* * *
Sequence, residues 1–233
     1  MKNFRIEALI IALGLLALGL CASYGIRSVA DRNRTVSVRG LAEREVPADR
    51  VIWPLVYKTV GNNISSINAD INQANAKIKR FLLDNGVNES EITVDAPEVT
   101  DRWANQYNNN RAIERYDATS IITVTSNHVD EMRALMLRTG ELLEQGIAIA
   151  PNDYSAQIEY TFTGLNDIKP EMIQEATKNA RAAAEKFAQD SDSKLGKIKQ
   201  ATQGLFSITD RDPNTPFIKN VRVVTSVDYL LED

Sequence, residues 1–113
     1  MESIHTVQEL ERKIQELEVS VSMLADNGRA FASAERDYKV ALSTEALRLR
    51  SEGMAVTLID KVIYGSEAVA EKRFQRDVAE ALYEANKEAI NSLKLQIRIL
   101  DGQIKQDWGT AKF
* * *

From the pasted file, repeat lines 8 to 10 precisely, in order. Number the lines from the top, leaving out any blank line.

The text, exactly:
     1  MESIHTVQEL ERKIQELEVS VSMLADNGRA FASAERDYKV ALSTEALRLR
    51  SEGMAVTLID KVIYGSEAVA EKRFQRDVAE ALYEANKEAI NSLKLQIRIL
   101  DGQIKQDWGT AKF